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Online Safety Bill amendments target state-backed disinformation

Under new changes to the proposed Online Safety Bill, social media platforms will have to proactively look for and remove harmful disinformation from foreign state actors.

The UK government is expected to present its amendments to the Online Safety Bill, which will make “foreign interference” a designated priority offence. 

The proposed change will impose a legal duty on social media companies, video streaming platforms and search engines to proactively identify and remove state-sponsored or state-linked disinformation. This would include tackling material from fake accounts set up by individuals or groups acting on behalf of a foreign state which is designed to influence or disrupt democratic or legal processes, the government said.

This amendment will also require platforms to tackle the spread of hacked information designed to undermine democratic institutions.

The changes to the Online Safety Bill come in part as a response to Russia’s activity around its invasion of Ukraine, which has led to Russian actors hacking servers in the UK and pranking users, such as the instance in which Ben Wallace, the secretary of state for defence, was videoed while he believed he was having a phone conversation with the Ukrainian prime minister. 

“The invasion of Ukraine has yet again shown how readily Russia can and will weaponise social media to spread disinformation and lies about its barbaric actions, often targeting the very victims of its aggression," said culture secretary Nadine Dorries. 

“We cannot allow foreign states or their puppets to use the internet to conduct hostile online warfare unimpeded. That’s why we are strengthening our new internet safety protections to make sure social media firms identify and root out state-backed disinformation.”

The government said the amendment will mean platforms will need to carry out risk assessments for content that could be considered as state-backed disinformation and put in place systems and processes to mitigate the chances of users encountering it.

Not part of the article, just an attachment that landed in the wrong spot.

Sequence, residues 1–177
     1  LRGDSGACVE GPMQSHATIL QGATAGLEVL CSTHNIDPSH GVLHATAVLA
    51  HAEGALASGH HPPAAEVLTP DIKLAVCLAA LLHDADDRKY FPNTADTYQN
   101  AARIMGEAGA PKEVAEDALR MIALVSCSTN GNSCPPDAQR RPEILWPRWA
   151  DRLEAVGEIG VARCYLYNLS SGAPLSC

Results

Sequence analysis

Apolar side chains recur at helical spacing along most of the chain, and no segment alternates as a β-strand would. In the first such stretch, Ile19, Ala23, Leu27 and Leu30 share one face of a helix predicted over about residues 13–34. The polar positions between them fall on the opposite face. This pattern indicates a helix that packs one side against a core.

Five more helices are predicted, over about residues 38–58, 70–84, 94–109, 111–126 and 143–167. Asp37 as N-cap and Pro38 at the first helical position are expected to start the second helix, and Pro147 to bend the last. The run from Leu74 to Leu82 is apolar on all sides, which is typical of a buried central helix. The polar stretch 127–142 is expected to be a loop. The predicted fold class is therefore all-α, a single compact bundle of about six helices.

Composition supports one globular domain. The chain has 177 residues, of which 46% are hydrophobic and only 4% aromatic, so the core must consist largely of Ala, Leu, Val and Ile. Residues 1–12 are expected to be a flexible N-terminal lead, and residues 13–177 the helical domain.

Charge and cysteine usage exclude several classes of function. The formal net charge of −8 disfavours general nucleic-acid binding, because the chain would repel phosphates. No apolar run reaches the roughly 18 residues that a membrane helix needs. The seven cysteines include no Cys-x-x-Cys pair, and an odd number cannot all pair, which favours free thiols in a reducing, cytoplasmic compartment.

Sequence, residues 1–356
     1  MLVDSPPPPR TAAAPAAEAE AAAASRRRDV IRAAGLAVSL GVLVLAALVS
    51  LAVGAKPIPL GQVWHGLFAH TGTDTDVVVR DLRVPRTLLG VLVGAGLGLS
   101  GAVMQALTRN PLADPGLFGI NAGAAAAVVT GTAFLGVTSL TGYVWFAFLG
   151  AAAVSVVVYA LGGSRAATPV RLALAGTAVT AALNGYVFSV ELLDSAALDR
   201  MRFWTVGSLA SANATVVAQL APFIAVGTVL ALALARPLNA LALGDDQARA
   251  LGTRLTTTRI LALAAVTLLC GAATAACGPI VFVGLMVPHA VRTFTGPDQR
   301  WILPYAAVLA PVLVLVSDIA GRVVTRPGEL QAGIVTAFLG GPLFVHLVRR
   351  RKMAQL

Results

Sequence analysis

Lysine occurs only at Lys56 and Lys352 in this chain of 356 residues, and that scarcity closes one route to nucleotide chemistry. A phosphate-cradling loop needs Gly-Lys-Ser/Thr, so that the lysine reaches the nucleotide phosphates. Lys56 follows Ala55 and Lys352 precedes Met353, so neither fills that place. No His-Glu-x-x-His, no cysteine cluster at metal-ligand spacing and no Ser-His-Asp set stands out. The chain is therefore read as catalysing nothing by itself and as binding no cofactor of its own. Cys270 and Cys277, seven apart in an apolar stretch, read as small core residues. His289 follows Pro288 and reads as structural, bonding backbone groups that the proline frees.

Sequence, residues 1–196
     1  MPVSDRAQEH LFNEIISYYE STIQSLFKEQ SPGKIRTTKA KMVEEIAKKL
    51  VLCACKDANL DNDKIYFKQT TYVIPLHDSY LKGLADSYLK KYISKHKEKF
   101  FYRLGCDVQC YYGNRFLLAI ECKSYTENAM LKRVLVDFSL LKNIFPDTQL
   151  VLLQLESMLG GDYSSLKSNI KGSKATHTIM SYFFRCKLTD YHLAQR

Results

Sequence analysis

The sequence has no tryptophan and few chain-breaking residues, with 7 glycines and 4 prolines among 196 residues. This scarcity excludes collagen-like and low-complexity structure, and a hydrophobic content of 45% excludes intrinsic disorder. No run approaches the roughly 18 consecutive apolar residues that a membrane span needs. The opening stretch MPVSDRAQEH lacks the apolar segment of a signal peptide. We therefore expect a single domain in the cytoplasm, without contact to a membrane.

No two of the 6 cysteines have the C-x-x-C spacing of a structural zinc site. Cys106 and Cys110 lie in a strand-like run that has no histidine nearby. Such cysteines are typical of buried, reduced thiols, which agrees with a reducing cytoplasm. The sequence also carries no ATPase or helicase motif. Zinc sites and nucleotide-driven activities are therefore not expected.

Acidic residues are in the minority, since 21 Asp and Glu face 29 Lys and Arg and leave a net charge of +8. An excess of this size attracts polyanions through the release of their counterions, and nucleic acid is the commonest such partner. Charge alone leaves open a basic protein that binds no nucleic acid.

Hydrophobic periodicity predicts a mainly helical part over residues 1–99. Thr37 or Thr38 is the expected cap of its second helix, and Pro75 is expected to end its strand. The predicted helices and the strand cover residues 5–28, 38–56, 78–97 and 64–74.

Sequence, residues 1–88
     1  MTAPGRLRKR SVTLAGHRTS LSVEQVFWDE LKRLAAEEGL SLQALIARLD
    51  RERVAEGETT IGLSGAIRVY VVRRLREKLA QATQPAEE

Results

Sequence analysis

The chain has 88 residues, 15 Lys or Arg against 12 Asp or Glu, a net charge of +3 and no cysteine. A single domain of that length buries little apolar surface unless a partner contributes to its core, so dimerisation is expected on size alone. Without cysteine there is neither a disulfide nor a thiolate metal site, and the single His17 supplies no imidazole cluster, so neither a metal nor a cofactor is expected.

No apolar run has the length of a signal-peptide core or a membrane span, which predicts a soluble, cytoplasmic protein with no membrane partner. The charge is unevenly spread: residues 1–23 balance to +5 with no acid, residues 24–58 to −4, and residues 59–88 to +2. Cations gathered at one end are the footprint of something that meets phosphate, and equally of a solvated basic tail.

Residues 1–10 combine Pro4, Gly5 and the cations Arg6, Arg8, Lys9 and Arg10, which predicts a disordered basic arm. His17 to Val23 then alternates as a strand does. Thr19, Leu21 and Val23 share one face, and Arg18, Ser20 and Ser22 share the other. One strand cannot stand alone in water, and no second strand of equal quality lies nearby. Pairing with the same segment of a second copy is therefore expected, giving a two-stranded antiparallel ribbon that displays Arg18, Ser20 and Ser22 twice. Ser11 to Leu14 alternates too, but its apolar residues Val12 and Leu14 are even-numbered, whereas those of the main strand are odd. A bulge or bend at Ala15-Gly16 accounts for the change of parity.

The amendment will link the National Security Bill with the Online Safety Bill and add the new foreign interference offence to the list of priority offences. These include terrorism, child sexual abuse, and fraud offences and which carry the threat of fines of up to £18m - or 10 per cent of a company’s global turnover - if sufficiently swift action is not taken to remove the offending material. 

“Online information operations are now a core part of state threats activity,” said security minister Damian Hinds.

“We need the big online platforms to do more to identify and disrupt this sort of coordinated inauthentic behaviour. That is what this proposed change in the law is about.”

The long-delayed Bill was originally published in draft form last year, but it later underwent ‘significant improvements’  in order to extend its efficacy. 

The new draft will undergo parliamentary scrutiny by a group of MPs next week. However, the Institute of Economic Affairs (IEA) has still warned about the risk of the new legislation providing the secretary of state and Ofcom with “unprecedented powers to define and limit speech", with limited parliamentary or judicial oversight. 

Moreover, the heads of 16 different campaign groups, including Hope Not Hate, Fair Vote UK and the 5Rights Foundation have called upon the government to make further amendments to the Online Safety Bill, warning that in its current form the proposed internet safety laws are “on the verge of being unworkable”.

In a letter sent to Culture Secretary Nadine Dorries and tech minister Chris Philp, the campaigners argue that, at the moment, the bill focuses too heavily on "trying to regulate what individual people can say online", rather than "getting to the heart of the problem and addressing tech companies’ systems and algorithms that promote and amplify harmful content”.

In the past, the bill has also been criticised in the past for failing to adequately protect children from pornography and sexual harassment in schools. 

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